‘ClownTown’: Film Review

Four twentysomethings are attacked by killer clowns in Tom Nagel’s indie horror film ‘Clowntown.’

If there weren’t already plenty enough reasons to hate clowns, you can add the horror film ClownTown to the list. Tom Nagel’s low-budget debut feature is inspired by the premise that people wearing clown costumes are inherently creepy, which is not exactly a novel screen concept.

The film at least has the courage of its derivative and exploitive convictions, as demonstrated by its prologue in which a comely young woman is shown topless and the first murder occurs even before the opening credits. The victim is a babysitter, naturally, and the segment has only a tenuous connection to the rest of the story. But hey, at least the teenage male target audience gets to see some naked breasts, right?

The Bottom Line

Your typical circus clown is scarier.

RELEASE DATE Sep 30, 2016

We’re then introduced to a generic quartet of twentysomethings — for the record, they’re played by Brian Nagel, Lauren Elise, Andrew Staton and Katie Keene — driving through Ohio on their way to a concert when one of them leaves her cellphone at a roadside diner. Upon discovering it missing, they call the phone, and the person who answers instructs them to head to Clinton, a nearby small town where he’ll meet them.

(Let’s assume it’s a coincidence that the Ohio town in question is named for the presidential candidate who’s currently not doing very well in the state, if only because it would demonstrate a cheeky imagination that the rest of the misbegotten film sorely lacks).

Anyway, the group heads to the town, which has apparently been deserted since a catastrophic train accident years earlier. Deserted, that is, except for a bunch of homicidal maniacs wearing differently styled clown costumes and makeup. All of them are silent except for the chatty, sole female in the bunch. During the ensuing cat-and-mouse game, the would-be victims meet two older residents who provide the uninteresting backstory about what’s going on.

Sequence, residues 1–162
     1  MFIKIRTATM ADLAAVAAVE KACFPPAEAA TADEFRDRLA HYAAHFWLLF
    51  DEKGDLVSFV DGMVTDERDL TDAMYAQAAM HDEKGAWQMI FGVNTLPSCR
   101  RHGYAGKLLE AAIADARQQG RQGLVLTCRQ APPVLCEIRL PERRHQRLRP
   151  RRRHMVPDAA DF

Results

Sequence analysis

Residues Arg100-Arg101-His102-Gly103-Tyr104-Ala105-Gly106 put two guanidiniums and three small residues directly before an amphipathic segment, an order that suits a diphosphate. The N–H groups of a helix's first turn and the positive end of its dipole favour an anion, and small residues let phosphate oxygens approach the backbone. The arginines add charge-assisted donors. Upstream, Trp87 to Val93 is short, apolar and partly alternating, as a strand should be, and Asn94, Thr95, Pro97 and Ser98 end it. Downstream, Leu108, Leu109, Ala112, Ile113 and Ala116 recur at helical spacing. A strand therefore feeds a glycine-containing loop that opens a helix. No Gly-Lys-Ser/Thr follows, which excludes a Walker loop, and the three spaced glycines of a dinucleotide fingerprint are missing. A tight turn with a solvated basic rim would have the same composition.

It’s all as generic and pointless as it sounds, with tyro filmmaker Nagel unable to muster up the sort of visceral thrills that a John Carpenter or Wes Craven would have been able to deliver in their sleep. Judging by the number of Nagels listed in the film’s credits, ClownTown would seem to be some sort of family project. A trip to Disneyland’s Haunted Mansion would have been a better choice.

Distribution: ITN Distribution
Production companies: Millman Productions, Steel House Productions, Zorya Films
Cast: Brian Nagel, Lauren Elise, Andrew Staton, Katie Keene, Jeff Denton
Director-editor: Tom Nagel
Screenwriter: Jeff Miller
Producers: Jeff Miller, Tom Nagel, Brian Nagel, Christopher Lawrence Chapman
Executive producers: Jeff Miller, Christopher Lawrence Chapman, Ronnie D. Lee, Brian Nagel
Director of photography: Ken Stachnik
Production designer: Ryan Pilz
Composer: Holly Amber Church
Casting: Mark Sikes

Not rated, 86 minutes